Migrated from eDJGroupInc.com. Author: Mikki Tomlinson. Published: 2012-11-29 04:22:33Format, images and links may no longer function correctly. The approach of the New Year has me reflecting on the “2012 eDiscovery year in review.”   Where has the industry matured?  How has technology advanced?  What future growth is expected?  The one question that keeps nagging at me is:  In what area does the industry need growth, yet is failing to advance at a respectable pace?

The first thing that came to my mind was cooperation. I have written on this topic several times.  Ironically, progress in the area of cooperation was the topic of a blog I wrote in December 2011. In February of this year I wrote a blog titled The Great Cooperation Debate. In this blog, I pondered factors that contribute to the lack of and/or poor cooperation efforts in eDiscovery.  I surmised then, and still do now, that it oftentimes boils down to eDiscovery ignorance.  Thus, cooperation is not the disease; it is one of the symptoms.

This exercise made me reflect a bit deeper and look at some of the other blogs I wrote this year.   I quickly picked up a pattern in my writing: the need for more eDiscovery education for the entire populace of litigation practitioners[*].  The disease is eDiscovery ignorance and the symptoms extend far beyond the issue of cooperation.

The number of times I blogged about eDiscovery ignorance this year might make you think I’m obsessed.  I’m not.  I am simply passionate.  And I am not alone.  I have talked to many other eDiscovery experts that see the same gaping hole in the discovery process that I do and would like to do something about it.  Why? eDiscovery ignorance can lead to increased cost, sanctions, and even loss of employment and allegations of malpractice.  What are the implications of the August 2012 updates to the ABA Model Rules for the eDiscovery ignorant?  When it comes to eDiscovery, ignorance is not bliss; it is detrimental to your company.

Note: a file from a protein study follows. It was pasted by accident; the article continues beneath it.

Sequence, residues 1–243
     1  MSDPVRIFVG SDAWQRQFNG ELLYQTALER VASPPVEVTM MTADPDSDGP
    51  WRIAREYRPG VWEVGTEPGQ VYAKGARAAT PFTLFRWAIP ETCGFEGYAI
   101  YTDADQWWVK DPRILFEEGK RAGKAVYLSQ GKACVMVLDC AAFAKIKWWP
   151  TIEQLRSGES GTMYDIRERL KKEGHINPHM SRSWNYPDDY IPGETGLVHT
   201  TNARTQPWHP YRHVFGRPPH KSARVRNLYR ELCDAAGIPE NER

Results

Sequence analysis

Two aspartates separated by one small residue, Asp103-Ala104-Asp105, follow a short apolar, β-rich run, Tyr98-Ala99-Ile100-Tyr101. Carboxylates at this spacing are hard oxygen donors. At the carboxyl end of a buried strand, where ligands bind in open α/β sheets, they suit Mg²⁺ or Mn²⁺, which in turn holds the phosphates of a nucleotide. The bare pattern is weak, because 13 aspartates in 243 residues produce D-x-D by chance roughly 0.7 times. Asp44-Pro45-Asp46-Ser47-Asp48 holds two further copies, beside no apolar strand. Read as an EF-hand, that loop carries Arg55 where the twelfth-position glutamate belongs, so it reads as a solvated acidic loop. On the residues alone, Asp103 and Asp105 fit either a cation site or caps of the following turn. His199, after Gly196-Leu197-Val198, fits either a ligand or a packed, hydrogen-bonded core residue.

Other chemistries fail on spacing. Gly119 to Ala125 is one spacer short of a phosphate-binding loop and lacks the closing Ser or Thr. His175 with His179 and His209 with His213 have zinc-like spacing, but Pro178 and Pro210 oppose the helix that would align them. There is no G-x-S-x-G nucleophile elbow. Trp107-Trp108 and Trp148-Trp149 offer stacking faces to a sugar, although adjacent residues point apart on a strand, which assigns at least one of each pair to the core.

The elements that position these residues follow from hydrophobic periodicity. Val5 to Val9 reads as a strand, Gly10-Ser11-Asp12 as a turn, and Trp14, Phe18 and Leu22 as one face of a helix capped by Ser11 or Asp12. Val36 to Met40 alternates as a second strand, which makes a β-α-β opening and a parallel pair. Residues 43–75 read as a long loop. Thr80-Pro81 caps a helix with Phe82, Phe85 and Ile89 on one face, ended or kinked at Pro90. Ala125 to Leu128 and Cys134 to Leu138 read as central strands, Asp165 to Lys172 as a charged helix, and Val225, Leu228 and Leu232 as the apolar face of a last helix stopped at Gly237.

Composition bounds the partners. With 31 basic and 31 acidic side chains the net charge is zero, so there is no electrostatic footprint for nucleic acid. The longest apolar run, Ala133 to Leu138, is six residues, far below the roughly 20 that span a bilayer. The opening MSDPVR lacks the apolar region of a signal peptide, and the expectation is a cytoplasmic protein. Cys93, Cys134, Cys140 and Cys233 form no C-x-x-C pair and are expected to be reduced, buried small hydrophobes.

So, my 2013 New Year’s Resolution is this:  I vow to dedicate myself to educating the eDiscovery ignorant.  I will commit to teaching and working more at the “eDiscovery 101” level.  I promise to write blogs aimed at the eDiscovery novice.  I will put forth my bestefforts at incorporating eDiscovery topics into non-eDiscovery conferences.  I am on a mission to “convert” as many as I can.




eDiscovery Journal Contributor – Mikki Tomlinson (mikki@eDJGroupInc.com)

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